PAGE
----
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House GOP leaders push short-term funding plan as deadline nears

But congressional passage is uncertain as Senate Democrats insist on a deal on DACA.

Senate Majority Leader Mitch McConnell, flanked by Sen.

Senate Majority Leader Mitch McConnell, flanked by Sen. John Barrasso, left, and Majority Whip John Cornyn, speaks to reporters about efforts to avoid a government shutdown on Wednesday, Jan. 17, 2018. Photo Credit: AP / J. Scott Applewhite

WASHINGTON — Facing a Friday midnight deadline to avert a government shutdown, House Republicans leaders on Wednesday moved ahead with a plan to provide funds for four more weeks that excludes Democrats’ demands for an immigration deal.

But it wasn’t clear that Congress would be able to pass the bill to keep the government running — the fourth short-term funding measure in five months — as House Republican leaders scrambled for votes and most Senate Democrats appeared to oppose the plan.

Both sides blamed the other in case the bill doesn’t pass and much of the federal government shuts down Saturday for lack of money amid a drama-filled battle over the fate of immigrants brought to the United States illegally as children.

House Speaker Paul Ryan (R-Wis.) said he hopes his caucus — which has 20 more votes than needed to approve legislation — will pass a spending bill to fund the government through Feb. 16, without Democrats and despite defections by conservative GOP members.

“We’re going to be bringing it to the floor this week. Real deadlines are occurring on Friday,” said Ryan, who unveiled the proposal, known as a continuing resolution or CR, at a House Republican caucus meeting Tuesday evening.

Ryan added a six-year extension of the popular Children’s Health Insurance Program to lure Democratic votes, and included military spending and delays on taxes on high-end health insurance, medical devices and health insurance providers to entice conservatives.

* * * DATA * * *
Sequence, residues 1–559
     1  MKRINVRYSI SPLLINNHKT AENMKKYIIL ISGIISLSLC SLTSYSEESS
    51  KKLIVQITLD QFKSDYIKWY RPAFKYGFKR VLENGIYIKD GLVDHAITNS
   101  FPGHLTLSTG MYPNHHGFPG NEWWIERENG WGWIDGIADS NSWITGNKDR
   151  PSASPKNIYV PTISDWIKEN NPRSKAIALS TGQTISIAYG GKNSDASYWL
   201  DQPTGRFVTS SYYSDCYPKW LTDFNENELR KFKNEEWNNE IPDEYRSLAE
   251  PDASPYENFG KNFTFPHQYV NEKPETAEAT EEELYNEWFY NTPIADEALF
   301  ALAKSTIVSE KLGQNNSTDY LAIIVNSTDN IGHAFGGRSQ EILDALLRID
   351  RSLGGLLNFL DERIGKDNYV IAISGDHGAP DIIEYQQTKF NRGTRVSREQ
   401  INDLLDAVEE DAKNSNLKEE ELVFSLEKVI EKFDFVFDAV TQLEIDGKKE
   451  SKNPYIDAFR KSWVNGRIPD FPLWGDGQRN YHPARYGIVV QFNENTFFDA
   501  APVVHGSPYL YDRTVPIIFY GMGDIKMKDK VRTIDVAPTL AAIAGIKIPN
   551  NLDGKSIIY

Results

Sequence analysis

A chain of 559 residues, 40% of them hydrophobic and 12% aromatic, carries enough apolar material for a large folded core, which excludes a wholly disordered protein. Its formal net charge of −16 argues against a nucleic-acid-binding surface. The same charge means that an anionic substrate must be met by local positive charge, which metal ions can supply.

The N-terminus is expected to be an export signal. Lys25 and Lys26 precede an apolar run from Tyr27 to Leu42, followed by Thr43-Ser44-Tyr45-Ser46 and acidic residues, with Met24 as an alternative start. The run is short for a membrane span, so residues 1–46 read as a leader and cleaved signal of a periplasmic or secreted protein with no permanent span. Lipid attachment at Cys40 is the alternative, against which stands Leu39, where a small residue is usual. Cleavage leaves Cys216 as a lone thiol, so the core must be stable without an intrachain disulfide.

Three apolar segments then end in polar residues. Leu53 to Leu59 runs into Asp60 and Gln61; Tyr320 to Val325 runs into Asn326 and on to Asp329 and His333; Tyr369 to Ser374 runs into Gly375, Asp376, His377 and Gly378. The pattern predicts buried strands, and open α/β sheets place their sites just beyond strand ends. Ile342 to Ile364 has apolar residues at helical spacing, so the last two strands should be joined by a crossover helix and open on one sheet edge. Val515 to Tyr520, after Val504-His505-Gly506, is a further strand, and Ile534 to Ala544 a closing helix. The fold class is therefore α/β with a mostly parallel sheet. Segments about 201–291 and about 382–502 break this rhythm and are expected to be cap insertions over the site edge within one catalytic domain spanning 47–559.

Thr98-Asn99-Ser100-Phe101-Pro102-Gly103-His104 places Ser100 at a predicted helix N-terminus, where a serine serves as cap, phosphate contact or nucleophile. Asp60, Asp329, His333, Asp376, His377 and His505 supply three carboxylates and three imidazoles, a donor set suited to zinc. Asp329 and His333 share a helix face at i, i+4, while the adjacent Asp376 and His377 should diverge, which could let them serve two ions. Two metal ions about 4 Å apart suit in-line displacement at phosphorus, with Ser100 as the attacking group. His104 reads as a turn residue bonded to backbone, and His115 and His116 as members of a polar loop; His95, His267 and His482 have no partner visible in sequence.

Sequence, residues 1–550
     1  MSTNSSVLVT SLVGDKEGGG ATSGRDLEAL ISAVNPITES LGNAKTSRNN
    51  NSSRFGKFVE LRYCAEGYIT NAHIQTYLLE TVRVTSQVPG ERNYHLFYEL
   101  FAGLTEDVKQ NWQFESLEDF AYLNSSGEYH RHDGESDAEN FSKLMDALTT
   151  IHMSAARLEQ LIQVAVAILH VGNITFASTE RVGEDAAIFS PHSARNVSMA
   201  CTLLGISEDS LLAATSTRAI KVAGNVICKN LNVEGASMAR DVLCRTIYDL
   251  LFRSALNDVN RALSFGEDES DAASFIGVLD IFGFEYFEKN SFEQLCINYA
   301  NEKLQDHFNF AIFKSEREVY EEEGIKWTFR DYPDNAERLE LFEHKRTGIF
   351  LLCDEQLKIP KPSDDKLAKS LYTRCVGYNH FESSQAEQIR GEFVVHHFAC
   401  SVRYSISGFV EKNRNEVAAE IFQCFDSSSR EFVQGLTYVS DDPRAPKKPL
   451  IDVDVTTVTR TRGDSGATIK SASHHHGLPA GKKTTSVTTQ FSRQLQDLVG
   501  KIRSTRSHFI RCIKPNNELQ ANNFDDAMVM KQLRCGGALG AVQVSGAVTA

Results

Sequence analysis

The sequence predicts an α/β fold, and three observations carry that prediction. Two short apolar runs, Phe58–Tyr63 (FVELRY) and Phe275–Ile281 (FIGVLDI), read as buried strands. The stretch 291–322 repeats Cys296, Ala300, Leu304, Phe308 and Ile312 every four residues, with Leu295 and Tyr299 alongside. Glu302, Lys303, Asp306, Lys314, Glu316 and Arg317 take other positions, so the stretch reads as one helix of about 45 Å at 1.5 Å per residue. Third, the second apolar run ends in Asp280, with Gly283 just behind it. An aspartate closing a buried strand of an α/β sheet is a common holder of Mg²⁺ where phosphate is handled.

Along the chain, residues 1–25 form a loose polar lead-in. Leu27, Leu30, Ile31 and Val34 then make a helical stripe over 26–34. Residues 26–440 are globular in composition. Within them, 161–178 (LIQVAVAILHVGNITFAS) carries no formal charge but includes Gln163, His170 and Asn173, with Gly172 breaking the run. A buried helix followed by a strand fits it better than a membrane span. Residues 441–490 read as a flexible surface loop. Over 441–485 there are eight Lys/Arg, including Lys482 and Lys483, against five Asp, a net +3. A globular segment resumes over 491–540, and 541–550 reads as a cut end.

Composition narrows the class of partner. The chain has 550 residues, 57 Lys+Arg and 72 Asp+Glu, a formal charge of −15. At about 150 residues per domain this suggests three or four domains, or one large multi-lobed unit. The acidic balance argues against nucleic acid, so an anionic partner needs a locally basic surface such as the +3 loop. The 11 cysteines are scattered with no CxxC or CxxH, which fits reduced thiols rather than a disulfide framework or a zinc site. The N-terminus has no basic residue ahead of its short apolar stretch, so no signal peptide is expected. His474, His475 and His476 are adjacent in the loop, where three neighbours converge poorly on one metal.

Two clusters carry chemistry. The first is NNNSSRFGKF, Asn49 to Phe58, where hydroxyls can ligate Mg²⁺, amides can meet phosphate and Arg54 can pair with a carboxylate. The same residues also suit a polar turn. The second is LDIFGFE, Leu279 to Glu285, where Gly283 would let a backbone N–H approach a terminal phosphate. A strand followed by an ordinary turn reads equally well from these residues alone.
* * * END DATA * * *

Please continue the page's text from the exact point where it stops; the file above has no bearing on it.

“It’s baffling to me that Democrats would be willing to block military funding for unrelated issues,” Ryan said, referring mainly to the fix for the Deferred Action for Childhood Arrivals, known as DACA, which President Donald Trump ordered to end on March 5.

Rep. Joseph Crowley (D-Queens), chairman of the House Democratic Caucus, said Republicans wrote their spending plan without Democrats, and if they want Democratic votes, the measure must be “reflective of Democratic values.”

Ryan and Senate Majority Leader Mitch McConnell (R-Ky.) are banking on Democratic senators up for re-election in states that voted for Trump last year to provide the nine votes needed to reach the 60-vote threshold to pass the House spending measure.

“We’ll be taking it up as soon as it comes over from the House,” McConnell said. “I believe we have a good chance of passing it.”

President Donald Trump backs the proposal, said White House Press Secretary Sarah Huckabee Sanders, at her daily news briefing.

“We do the support the short-term CR. However, that is not our first choice. We’d still like to see a clean, two-year funding bill,” she said, referring to a proposal to set a longer-term budget and spending plan.

But Senate Minority Leader Chuck Schumer (D-N.Y.) warned that Senate Democrats might not provide those needed votes. Schumer has insisted that a measure to legalize DACA has to be added to a must-pass bill or it won’t come up for consideration in the House.

During the weekly luncheon, he said, the overwhelming number of members of the Democratic caucus “don’t like the bill.” Schumer said that in his caucus, “the revulsion toward that bill is broad and strong.”

Sanders put the blame on Senate Democrats if the government is shut down, because of their insistence on a bill to fix DACA.

“The president certainly doesn’t want a shutdown,” she said. “And if one happens, I think you have one place to look, and that’s to the Democrats.”

But Schumer said Republicans control the House, the Senate and the White House, and could pass almost any bill they want, and so the blame will fall on them if Congress does not beat the Friday midnight deadline by passing a spending bill.

“We hope to avoid it. We’re going to do everything we can to avoid it,” Schumer said. “If we can’t, it will fall on their backs.”

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